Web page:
Lisa Nandy MP: Our most vulnerable children are being denied free childcare
Labour's Lisa Nandy asks why foster children are excluded from the Government's extended free childcare provision for 3 and 4-year-olds.
This September, when the Government extended free childcare entitlement for 3 and 4-year-old children by an extra 15 hours, it was hailed as a big step forward for parents and families. The aim was to encourage more parents into work and it was hoped it would help to alleviate family poverty and have wider economic benefits.
But buried in the small print, beyond the headlines, it turned out that all children are eligible, except for one group: foster children. Despite many foster children accessing and benefiting from nursery provision, they were the only group of children excluded from the scheme.
That's why today I’ve called a debate in the House of Commons to put pressure on Ministers to right this wrong. It is supported by charities, trade unions, and politicians of all parties who believe, as the former Conservative education Minister Edward Timpson wrote recently, that foster carers who need it should be “offered flexibility and support to enable them to combine fostering with other work”.
As Timpson, whose family were foster carers knows well, children in foster care are one of the most vulnerable groups of children, unable to live with their birth families, and often dealing with the pain of separation. Over a decade working with children in care before I was elected to Parliament I learned that for them, continuity, where it can be preserved, is essential.
But already charities like the Fostering Network have found examples of children who have to give up their nursery place when they become fostered, because they are no longer entitled to the same funding as they were when they lived with their birth families. The result is that children lose more of the relationships that sustain them – with staff, other children and in a familiar setting – at the very time they most need them.
In other cases, foster carers have been able to claim under the scheme for their own children, but not for the child they foster, leaving two children growing up in the same household, one able to go to nursery school while the other is not. A common thread that runs through the stories children tell about the pain of being in care is the feeling they are marked out from other children as different, often expressing a desperate desire to fit in. This exclusion of foster children from the scheme enshrines that difference and discrimination into government policy.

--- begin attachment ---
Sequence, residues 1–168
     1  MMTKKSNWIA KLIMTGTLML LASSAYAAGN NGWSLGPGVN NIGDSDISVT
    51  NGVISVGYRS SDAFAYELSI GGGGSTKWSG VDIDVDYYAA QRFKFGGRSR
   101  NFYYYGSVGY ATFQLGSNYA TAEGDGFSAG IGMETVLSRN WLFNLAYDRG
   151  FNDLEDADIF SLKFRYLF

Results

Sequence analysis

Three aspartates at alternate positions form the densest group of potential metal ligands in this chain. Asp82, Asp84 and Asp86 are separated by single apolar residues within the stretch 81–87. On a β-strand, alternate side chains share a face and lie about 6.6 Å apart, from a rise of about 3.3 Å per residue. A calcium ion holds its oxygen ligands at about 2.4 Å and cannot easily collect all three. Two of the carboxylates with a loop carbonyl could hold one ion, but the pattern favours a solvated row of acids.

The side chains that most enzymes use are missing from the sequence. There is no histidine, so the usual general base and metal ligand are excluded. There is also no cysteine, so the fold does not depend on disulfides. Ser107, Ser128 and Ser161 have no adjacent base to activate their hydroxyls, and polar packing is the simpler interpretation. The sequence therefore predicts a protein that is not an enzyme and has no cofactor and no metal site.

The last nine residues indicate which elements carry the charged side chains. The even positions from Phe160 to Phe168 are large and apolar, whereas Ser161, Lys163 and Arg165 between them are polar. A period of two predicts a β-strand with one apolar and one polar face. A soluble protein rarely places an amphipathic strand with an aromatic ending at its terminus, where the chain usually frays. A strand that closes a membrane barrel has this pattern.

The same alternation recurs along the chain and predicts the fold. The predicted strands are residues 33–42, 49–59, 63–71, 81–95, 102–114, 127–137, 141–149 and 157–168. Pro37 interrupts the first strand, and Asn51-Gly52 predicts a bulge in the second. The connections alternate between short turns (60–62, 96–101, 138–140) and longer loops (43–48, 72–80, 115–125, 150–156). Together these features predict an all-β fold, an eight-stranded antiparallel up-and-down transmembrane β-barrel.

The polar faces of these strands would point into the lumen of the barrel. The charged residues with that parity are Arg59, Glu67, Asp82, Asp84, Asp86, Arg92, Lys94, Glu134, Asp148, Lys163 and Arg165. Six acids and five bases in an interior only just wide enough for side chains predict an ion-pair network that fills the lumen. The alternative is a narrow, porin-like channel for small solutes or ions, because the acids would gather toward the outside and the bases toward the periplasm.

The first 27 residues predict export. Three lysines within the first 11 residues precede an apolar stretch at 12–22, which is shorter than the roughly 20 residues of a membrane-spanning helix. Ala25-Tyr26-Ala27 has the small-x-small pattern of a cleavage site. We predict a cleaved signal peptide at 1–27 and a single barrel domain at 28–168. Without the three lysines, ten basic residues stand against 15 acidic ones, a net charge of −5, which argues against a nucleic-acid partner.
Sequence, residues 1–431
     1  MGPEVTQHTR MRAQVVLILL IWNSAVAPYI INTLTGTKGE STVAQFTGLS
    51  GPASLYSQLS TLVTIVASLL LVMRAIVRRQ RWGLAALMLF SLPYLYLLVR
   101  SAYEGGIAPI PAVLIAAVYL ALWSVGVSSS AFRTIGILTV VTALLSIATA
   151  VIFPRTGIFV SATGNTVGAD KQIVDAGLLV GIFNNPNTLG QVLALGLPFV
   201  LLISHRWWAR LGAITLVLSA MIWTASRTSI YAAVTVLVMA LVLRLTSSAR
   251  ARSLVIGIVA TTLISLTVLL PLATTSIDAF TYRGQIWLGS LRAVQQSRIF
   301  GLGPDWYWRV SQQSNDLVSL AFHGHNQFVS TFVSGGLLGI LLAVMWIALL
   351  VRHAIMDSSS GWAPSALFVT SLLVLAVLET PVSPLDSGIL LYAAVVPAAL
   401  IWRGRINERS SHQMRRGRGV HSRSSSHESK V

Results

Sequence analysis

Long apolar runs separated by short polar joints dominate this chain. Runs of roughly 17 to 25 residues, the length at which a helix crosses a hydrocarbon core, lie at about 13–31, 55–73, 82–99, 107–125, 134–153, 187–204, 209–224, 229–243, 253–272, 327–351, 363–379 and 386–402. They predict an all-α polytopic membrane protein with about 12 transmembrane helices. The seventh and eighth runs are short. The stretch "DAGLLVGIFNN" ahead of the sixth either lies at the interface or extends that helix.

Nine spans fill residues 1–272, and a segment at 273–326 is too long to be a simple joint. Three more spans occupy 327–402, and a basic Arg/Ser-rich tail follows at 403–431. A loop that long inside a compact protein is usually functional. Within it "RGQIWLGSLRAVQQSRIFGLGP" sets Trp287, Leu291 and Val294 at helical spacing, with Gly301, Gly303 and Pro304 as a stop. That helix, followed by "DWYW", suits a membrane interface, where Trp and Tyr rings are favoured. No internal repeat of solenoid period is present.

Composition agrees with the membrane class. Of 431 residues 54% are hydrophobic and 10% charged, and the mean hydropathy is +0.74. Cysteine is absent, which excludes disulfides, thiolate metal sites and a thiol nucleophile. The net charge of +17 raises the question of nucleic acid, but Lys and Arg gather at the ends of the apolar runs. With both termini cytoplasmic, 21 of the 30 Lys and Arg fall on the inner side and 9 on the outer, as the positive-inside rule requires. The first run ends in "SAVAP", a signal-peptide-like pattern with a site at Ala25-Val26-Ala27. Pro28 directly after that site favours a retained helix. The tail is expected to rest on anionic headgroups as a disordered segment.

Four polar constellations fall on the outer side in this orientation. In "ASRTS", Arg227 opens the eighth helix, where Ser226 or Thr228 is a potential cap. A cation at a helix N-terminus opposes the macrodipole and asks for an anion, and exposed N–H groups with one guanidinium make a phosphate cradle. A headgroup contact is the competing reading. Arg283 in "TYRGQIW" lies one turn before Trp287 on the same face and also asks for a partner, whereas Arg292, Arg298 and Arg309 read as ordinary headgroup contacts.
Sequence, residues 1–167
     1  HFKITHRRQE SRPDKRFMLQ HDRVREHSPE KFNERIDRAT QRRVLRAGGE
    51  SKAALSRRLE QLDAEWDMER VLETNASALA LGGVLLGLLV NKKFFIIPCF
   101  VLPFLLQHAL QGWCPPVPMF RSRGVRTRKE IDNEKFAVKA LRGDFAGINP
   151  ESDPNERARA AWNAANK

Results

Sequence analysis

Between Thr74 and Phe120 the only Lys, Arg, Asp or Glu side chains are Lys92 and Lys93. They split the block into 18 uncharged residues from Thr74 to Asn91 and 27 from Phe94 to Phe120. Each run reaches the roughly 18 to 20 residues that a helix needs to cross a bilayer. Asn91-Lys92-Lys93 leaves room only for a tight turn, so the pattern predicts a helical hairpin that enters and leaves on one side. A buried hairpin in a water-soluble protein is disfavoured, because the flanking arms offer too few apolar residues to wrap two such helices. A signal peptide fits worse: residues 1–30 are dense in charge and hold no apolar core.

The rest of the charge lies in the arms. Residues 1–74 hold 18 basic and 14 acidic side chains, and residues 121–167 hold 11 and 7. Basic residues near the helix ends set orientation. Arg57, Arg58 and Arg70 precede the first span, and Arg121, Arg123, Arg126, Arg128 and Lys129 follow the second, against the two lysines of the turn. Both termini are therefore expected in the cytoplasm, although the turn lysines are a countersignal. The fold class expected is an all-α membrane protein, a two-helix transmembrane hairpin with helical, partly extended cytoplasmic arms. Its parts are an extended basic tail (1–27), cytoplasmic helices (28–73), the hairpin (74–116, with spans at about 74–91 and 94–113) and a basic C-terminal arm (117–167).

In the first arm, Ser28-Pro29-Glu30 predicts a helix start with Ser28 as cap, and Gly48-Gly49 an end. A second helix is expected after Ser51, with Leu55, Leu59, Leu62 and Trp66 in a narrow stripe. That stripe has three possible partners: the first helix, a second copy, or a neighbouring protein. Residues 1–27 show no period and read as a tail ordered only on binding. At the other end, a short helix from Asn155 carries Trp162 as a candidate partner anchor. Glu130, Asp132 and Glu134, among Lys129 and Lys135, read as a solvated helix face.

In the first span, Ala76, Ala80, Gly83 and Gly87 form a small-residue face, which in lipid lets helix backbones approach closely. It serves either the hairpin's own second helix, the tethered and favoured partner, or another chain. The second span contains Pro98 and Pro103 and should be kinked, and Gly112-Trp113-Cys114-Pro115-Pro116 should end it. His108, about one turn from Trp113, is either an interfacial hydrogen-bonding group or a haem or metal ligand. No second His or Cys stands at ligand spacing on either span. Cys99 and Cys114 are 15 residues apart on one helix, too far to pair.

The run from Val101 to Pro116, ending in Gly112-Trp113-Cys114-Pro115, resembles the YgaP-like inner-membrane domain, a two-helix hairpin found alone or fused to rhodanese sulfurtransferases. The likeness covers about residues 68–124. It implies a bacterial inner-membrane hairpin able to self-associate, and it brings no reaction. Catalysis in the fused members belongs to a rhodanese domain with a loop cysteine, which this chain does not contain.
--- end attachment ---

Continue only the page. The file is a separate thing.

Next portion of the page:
For children who have experienced trauma and upheaval, these early years are critical. For some children, their interests will best be served by being at home with their foster carer. But others will have had limited social interaction and will thrive around other children their age. The children act is clear that the best interests of the child must be a primary consideration in all decisions affecting them. This policy does not meet that test.
Foster carers already suffer immense financial pressure with barely 10% earning the equivalent of the national living wage. While the Government is right that foster carers receive a national minimum fostering allowance, it does not contain an element to cover childcare, and around 1 in 7 councils pay a rate below the national minimum. The proportion of foster carers who believe their allowance is sufficient to cover the costs of fostering has halved in recent years. Family and friends carers often have to face the heart-breaking decision to accept hardship or see a much loved grandchild, niece or nephew go into care. With record numbers of children in care, the Fostering Network estimates we need to recruit more than 7,000 additional foster carers to meet children's needs. Instead the Government is actively pursuing a policy that will make this worse, leaving more children stranded in unsuitable placements, or forced to leave siblings or grandparents behind because no local placements are available.
The human cost of this oversight for some of the most vulnerable children in the country is beyond measure. What is even more disappointing is that the state is their corporate parent, holding parental responsibility for them because their parents cannot or will not. No parent would allow their children to be an afterthought in critical decisions, unresponsive to their needs, and we shouldn't either. That is why today, MPs will be calling on Ministers to think again.